Equipment meant to save pilots leading to disorientation, crashes: Report

WION Web Team Washington, United States Sep 18, 2020, 03.15 PM(IST)

A US military pilot sitting in the cockpit of F-35 fighter jet preparing for training at Hill Force Base Photograph:( AFP )

Story highlights

Recent findings showed that even weak radio frequency fields and ‘earth strength’ magnetic fields have measurable, reproducible effects on human brainwaves and unconscious behavior in a controlled environment.

The Pentagon’s research and development arm is investigating whether the very equipment meant to save military pilots' lives on the battlefield is causing them to become disoriented and crash.

According to a report published in the Forbes magazine, the problem could be making pilots so disoriented that they crash their planes, fears DARPA, the Pentagon’s pet research agency.

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''Current cockpits are flooded with Radio Frequency (RF) noise from on-board emissions, communication links, and navigation electronics, including strong electromagnetic (em) fields from audio headsets and helmet tracking technologies,” warns a new DARPA research project.

“Pilots often report minor cognitive performance challenges during flight, and from 1993 to 2013, spatial disorientation in us air force pilots accounted for 72 class a mishaps, 101 deaths, and 65 aircraft lost.”

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The US military fears that some of these crashes may have been caused by electromagnetic fields. But currently, there is no way to be sure.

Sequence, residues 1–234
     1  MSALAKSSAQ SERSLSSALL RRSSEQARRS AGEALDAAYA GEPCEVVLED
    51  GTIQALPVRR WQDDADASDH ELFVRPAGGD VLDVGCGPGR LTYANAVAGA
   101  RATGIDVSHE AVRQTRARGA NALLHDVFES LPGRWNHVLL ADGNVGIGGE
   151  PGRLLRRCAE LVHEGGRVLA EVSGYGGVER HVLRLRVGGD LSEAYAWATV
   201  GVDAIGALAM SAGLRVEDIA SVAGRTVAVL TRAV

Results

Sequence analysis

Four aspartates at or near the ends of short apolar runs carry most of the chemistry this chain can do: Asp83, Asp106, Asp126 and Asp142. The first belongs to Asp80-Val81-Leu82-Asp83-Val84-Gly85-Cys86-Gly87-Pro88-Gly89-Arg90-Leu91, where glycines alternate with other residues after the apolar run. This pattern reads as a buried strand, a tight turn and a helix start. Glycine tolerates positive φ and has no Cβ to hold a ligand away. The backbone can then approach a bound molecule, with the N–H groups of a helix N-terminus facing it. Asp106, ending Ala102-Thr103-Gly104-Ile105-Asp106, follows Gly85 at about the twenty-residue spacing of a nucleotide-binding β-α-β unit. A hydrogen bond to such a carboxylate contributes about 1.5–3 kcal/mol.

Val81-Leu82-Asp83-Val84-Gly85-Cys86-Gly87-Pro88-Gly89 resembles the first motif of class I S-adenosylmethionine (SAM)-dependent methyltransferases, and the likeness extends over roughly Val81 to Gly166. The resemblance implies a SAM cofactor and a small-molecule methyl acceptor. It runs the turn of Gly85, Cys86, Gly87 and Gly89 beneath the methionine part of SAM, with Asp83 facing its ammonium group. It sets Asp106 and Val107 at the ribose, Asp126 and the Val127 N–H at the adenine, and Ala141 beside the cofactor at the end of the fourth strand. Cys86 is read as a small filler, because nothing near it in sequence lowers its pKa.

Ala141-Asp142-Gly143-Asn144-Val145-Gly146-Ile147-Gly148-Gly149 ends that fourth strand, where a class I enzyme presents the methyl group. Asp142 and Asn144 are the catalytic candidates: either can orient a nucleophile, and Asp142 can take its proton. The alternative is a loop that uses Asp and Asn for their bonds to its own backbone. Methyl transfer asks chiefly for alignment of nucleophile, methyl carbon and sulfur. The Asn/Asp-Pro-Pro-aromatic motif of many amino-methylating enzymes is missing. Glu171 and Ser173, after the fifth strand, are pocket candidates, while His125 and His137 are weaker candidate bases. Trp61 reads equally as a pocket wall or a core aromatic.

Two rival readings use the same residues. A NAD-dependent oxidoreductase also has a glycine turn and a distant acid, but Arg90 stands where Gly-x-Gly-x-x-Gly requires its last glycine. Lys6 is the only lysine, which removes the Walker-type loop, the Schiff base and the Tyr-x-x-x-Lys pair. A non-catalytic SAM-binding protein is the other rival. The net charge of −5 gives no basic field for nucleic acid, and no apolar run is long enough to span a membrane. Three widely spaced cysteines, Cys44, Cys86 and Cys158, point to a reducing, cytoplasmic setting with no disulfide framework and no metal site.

“It has been hypothesised that the cockpit radio frequency and electromagnetic fields may influence cognitive performance including task saturation, misprioritisation, complacency and spatial disorientation,” DARPA notes.

“However, electromagnetic fields and radio waves in cockpits are not currently monitored, little effort has been made to shield pilots from these fields, and the potential impacts of these fields on cognition have not been assessed.”

DARPA’s impact of cockpit electro-magnetics on aircrew neurology (iceman) is a two-year project that aims to determine whether radio waves and magnetic fields are harming pilots.

Previous DARPA research has found that “human brains sense magnetic fields, like those used by animals for navigation, and that this process is ‘jammed’ (disrupted) by radio waves (rf), impacting brainwaves and behavior.

Furthermore, recent findings were the first to show that even weak radio frequency fields and ‘earth strength’ magnetic fields have measurable, reproducible effects on human brainwaves and unconscious behavior in a controlled environment.”

To give an idea of just powerful cockpit electronics have become, DARPA notes that “current tactical audio headsets project magnetic fields up to 10 times earth strength.”

Phase I of iceman will determine how much radio frequency and electromagnetic field noise are present in cockpits. Phase II will examine the effects of radio frequency and electromagnetic noise on the human body. Researchers will be asked to design sensors to measure these effects, and to find ways to mitigate them.

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